When were larger denominations of U.S. bills officially withdrawn from circulation?
The bills were officially discontinued on July 14
The base currency of the United States is the U.S. dollar, and it is printed on bills in seven denominations of $1, $2, $5, $10, $20, $50, and $100. U.S. currency previously included five larger denominations. Notes in the denominations of $500, $1,000, $5,000, and $10,000 were printed for general use; a $100,000 note was printed for certain internal transactions.
Although they are still technically legal tender in the United States, high-denomination bills were last printed on December 27, 1945, and officially discontinued on July 14, 1969, by the Federal Reserve System. The $5,000 and $10,000 effectively disappeared well before then.
The Federal Reserve began taking high-denomination bills out of circulation in 1969, after an executive order by President Nixon. As of May 30, 2009, only 336 $10,000 bills were known to exist; 342 remaining $5,000 bills; and 165,372 remaining $1,000 bills. Due to their rarity, collectors will pay considerably more than the face value of the bills to acquire them. Some are even in other parts of the world in museums.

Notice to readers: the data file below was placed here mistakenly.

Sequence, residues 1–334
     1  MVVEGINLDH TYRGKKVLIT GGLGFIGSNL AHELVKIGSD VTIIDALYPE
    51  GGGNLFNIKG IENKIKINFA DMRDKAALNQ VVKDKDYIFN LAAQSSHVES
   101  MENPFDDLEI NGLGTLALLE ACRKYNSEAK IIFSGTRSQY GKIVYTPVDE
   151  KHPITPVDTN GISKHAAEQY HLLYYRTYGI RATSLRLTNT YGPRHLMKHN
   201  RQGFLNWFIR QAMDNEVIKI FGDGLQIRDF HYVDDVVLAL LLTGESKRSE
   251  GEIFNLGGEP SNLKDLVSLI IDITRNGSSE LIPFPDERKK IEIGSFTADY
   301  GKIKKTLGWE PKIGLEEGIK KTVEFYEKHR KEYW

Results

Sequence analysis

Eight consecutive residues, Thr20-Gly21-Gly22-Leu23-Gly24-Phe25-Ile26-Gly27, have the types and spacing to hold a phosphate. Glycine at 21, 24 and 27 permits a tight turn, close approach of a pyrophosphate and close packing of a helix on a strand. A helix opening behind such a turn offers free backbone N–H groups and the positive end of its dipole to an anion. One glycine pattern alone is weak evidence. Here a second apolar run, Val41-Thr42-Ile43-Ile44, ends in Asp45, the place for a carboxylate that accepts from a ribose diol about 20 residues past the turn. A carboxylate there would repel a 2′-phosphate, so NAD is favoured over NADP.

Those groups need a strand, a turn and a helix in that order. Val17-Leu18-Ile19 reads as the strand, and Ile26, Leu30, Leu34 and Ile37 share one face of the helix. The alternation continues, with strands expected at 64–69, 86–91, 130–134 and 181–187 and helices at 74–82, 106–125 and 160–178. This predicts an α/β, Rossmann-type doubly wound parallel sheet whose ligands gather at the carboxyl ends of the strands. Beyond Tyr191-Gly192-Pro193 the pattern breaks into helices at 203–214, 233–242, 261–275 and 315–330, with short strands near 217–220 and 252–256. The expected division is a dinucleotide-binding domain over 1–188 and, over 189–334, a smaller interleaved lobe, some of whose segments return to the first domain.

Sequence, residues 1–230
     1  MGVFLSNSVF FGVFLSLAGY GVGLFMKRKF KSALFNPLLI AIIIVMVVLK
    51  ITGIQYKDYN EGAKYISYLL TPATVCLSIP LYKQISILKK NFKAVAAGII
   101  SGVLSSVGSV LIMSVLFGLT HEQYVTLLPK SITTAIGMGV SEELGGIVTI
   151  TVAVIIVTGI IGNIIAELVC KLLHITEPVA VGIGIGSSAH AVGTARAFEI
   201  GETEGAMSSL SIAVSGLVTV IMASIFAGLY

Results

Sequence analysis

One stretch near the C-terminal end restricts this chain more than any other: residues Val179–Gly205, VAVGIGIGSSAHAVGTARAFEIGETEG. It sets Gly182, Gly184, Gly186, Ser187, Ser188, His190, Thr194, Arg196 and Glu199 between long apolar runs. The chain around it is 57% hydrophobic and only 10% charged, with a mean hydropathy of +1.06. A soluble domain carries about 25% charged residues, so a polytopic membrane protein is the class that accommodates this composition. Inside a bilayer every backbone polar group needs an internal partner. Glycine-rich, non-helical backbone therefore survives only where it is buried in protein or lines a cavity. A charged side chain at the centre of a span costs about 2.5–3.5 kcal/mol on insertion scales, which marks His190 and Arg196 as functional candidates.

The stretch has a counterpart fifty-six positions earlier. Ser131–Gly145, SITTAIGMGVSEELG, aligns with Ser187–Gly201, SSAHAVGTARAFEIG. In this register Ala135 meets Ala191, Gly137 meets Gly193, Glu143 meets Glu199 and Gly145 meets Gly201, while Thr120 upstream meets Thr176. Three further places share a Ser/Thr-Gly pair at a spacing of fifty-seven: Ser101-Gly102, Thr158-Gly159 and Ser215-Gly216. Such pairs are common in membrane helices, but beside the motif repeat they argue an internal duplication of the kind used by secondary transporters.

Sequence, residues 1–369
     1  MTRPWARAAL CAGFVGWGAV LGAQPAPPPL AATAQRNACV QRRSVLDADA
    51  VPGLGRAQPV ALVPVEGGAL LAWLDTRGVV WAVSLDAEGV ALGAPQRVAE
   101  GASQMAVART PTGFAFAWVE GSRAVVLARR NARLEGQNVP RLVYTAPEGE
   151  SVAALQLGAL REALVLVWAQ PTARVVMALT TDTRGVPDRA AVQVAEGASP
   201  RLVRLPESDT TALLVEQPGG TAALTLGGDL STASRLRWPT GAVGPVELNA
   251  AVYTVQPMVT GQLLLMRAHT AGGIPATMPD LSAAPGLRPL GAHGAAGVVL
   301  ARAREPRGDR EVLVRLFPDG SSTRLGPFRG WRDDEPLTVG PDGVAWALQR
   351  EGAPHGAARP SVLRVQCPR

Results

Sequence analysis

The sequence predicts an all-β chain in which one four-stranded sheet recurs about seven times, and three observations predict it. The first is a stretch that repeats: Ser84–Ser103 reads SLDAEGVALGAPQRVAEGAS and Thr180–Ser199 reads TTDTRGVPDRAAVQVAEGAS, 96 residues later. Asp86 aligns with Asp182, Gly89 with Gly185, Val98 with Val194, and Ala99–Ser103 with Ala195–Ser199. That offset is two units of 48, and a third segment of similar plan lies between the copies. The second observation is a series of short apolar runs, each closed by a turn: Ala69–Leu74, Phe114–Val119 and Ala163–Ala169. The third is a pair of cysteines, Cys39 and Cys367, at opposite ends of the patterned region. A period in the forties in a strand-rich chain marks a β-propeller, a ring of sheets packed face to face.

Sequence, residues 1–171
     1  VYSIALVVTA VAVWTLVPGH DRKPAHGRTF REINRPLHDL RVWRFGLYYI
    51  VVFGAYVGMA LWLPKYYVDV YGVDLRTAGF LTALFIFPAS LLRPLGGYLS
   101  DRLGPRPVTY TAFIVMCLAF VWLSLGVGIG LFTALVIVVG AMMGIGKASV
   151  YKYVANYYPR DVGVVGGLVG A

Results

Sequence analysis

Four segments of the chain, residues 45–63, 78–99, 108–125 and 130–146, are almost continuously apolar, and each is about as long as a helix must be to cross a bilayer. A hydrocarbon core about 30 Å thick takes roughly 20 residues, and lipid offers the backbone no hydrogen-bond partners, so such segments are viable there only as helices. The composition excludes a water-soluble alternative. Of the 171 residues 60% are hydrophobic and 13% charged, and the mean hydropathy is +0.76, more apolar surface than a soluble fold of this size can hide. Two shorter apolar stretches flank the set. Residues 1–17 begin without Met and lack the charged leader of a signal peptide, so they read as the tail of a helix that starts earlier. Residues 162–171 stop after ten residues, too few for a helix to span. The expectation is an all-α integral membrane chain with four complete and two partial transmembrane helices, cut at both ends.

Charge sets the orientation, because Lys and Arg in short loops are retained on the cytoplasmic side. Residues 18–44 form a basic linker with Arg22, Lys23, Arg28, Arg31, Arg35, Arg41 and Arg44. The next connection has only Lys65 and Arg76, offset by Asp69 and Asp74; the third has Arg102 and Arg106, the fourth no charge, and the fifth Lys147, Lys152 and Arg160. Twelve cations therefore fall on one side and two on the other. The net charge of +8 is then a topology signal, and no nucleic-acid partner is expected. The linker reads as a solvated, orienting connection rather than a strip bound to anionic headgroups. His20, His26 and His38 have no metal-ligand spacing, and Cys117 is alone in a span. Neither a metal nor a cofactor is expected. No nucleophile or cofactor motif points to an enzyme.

For the most part, these bills were used by banks and the Federal Government for large financial transactions. This was especially true for gold certificates from 1865 to 1934. However, the introduction of the electronic money system has made large-scale cash transactions obsolete. When combined with concerns about counterfeiting and the use of cash in unlawful activities such as the illegal drug trade and money laundering, it is unlikely that the U.S. government will re-issue large denomination currency in the near future, despite the amount of inflation that has occurred since 1969 (A $5,000 bill is now worth less, in real terms, than a $1,000 bill was worth in 1969). According to the US Department of Treasury website, "The present denominations of our currency in production are $1, $2, $5, $10, $20, $50 and $100. The purpose of the United States currency system is to serve the needs of the public and these denominations meet that goal. Neither the Department of the Treasury nor the Federal Reserve System has any plans to change the denominations in use today."